And think of a recent study by Stanford University psychology researchers concluding that, when white people were told that black Americans are incarcerated in numbers far beyond their proportion of the population, “they reported being more afraid of crime and more likely to support the kinds of punitive policies that exacerbate the racial disparities,” such as three-strikes or stop-and-frisk laws.

Only then does Ferguson make sense. It’s about white rage.

“We can reorient how we see the world and interpret people”

In our culture, merely pointing out Whiteness out draws scorn even from white liberal journalists. To make progress on racial equality, we whites must first acknowledge our Whiteness. Most of us surround ourselves with white friends and neighbors, get almost all of our news from white reporters, read books books by white authors and watch TV shows and movies with mostly white casts and directors. Most whites inhabit a subset of our nation. Call it the USWA: the United States of White America.

We must acknowledge that, and take personal responsibility for choosing to live in the entire USA. And neuroscience shows that will reduce racism:

But recent research from neuroscientists suggests there is indeed hope for change, and it may not be as impossible as we imagine. According to the science, being a part of a diverse group – connected by a bond that isn’t race – may help our brains perceive everyone in that group as part of “your people,” regardless of racial makeup. If we know an individual is part of our group, our brains seem to react to the individual as being part of our group first and foremost – not an “other.”
In a 2008 study, participants watched photos of other participants’ faces flash across a screen for two seconds apiece. They first had to categorize the faces based on team membership and again based on race, and then rate their like and dislike of other participants on a scale of 1-6. While participants performed the identification tasks, researchers used neuroimaging tools to measure their response rates and observe activity changes in different areas of their brains.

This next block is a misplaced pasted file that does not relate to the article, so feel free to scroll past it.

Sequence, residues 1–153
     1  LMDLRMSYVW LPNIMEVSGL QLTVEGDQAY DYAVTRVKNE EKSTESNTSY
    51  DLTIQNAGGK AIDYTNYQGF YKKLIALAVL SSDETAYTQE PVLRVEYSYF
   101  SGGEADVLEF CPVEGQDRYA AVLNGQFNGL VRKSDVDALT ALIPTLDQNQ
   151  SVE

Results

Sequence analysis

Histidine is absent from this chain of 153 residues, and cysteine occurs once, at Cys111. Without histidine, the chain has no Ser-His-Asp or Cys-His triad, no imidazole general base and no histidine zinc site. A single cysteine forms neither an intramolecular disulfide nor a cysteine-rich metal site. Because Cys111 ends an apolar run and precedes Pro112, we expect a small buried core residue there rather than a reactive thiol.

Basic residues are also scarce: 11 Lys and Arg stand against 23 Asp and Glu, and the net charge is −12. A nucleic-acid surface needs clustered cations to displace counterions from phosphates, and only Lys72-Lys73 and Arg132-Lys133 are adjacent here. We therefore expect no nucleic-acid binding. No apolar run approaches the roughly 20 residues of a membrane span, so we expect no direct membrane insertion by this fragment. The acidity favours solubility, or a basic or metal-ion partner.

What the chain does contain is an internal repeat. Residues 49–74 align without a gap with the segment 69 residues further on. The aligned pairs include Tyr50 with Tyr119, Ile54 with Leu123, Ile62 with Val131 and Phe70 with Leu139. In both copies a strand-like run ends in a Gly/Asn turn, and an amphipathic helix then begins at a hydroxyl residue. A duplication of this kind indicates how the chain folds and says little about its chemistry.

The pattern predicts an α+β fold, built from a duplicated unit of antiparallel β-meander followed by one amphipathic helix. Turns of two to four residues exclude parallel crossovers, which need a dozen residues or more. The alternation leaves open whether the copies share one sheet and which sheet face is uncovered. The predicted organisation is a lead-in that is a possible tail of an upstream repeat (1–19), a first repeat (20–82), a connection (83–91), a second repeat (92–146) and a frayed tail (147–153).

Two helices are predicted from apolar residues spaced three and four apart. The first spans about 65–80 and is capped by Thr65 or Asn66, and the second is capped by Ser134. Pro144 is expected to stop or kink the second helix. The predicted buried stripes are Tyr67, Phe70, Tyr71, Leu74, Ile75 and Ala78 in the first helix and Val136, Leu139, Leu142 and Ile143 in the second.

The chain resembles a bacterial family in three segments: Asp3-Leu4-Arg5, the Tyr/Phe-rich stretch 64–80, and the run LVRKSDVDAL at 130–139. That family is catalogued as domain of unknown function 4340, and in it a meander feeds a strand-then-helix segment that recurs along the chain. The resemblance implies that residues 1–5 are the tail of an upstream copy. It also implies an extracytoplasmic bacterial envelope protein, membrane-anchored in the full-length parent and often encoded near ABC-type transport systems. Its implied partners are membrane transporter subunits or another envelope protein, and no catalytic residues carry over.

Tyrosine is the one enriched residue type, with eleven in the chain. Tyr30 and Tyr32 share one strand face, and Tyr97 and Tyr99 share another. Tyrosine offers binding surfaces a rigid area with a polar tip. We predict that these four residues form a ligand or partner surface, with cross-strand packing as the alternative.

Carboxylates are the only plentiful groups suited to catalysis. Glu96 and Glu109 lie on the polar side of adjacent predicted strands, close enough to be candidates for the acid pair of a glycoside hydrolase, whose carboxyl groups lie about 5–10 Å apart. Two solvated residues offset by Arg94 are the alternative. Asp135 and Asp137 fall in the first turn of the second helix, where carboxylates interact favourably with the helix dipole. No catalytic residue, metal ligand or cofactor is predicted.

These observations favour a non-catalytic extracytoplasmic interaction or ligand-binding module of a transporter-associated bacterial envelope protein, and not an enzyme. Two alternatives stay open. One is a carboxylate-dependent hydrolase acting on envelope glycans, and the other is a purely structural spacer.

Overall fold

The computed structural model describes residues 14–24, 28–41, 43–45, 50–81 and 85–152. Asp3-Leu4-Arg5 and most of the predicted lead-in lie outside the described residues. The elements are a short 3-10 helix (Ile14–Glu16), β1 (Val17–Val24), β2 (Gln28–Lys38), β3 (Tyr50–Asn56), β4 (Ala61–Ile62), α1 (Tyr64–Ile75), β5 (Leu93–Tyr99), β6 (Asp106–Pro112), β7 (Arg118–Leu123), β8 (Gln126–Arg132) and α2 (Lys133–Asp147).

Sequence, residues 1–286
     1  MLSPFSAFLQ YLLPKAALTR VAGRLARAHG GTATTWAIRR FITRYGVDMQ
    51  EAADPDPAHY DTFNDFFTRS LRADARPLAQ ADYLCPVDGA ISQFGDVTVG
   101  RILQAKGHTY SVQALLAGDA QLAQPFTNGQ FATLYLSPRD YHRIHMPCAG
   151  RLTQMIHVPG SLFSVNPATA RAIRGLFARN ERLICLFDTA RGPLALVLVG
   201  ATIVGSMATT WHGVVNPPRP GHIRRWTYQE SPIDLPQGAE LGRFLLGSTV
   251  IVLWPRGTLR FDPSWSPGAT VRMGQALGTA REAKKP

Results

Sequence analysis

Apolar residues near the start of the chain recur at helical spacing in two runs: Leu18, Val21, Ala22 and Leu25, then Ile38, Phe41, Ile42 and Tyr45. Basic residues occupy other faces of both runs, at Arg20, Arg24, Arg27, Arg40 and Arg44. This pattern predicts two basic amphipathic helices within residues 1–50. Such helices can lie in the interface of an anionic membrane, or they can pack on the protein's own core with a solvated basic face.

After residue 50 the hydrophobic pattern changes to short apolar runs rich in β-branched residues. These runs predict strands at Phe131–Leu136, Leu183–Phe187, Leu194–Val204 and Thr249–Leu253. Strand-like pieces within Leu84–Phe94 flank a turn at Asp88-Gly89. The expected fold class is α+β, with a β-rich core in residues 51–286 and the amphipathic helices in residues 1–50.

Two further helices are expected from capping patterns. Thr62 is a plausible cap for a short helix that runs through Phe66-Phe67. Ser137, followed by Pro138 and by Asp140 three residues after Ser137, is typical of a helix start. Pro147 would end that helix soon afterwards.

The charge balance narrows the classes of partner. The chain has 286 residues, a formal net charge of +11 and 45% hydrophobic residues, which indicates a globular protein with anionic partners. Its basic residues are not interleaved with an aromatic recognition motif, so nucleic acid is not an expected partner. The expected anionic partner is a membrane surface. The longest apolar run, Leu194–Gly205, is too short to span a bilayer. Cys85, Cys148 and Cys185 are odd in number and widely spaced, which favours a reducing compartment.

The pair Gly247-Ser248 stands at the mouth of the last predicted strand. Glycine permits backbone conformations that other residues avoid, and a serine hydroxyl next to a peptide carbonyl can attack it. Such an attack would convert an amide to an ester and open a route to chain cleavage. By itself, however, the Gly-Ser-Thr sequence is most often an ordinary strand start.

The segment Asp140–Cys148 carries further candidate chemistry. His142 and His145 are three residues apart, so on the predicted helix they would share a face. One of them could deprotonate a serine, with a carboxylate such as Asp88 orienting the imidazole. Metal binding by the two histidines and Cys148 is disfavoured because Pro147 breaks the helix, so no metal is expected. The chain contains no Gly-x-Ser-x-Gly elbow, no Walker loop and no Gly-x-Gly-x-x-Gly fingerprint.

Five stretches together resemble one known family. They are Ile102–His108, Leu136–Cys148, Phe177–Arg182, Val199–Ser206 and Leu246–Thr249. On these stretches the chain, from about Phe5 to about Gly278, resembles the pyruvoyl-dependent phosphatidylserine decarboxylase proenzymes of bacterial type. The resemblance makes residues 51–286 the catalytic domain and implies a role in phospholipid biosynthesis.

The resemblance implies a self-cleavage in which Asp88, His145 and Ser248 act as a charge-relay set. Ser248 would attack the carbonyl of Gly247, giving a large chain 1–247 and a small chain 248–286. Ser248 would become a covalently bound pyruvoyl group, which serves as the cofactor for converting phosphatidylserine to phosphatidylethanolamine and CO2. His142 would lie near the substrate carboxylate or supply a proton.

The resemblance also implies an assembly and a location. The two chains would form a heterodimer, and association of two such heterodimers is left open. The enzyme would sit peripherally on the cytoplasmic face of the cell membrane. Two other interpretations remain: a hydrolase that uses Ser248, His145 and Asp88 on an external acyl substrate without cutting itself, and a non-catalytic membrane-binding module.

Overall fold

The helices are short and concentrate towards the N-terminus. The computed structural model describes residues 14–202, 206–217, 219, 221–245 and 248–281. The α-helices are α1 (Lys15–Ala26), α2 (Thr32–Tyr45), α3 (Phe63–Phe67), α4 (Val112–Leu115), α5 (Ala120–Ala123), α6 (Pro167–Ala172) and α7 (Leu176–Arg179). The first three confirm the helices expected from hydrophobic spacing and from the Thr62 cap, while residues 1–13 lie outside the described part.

Images showed that the amygdala, a key part of the brain for emotion, flared up in the brains of white participants when they viewed photos of their team members, regardless of race. In this context, researchers believe that amygdala activity reacted to what was most important and worthy of participants’ attention: their team members. When race isn’t relevant to group formation, Van Bavel explained, the brain seems to ignore racial differences to focus on what matters: whoever is in your group.

In a follow-up 2011 study, Van Bavel saw something surprising happen in a region of the brain called the Fusiform Face Area (FFA), which is critical for facial recognition. Shortly after getting their team assignments, participants performed a similar face-identification task and exhibited markedly heightened activity in FFA in response to members of their own team. Basically, people quickly identified their team members as people they should remember and disregarded non-team members as faceless outsiders to lump together.
“Responses to race that we think of as burned pretty deeply into the brain may be hard to override or regulate,” Van Bavel said. “But it seems that if we can see a member of another race as part of our in-group, then we can reorient how we see the world and interpret people, which may help overcome biases.”

Join your local NAACP unit and other diverse groups. Listen, and be willing to earn trust. Don’t assume you know the solutions. Instead, offer to help with projects and events offered and led by people of color.

To seek progress together, whites must experience and participate in life outside the bubble of Whiteness. That won’t always be comfortable … but whites’ comfort is not the solution. It’s the problem, and we need to change it.


Happy Saturday!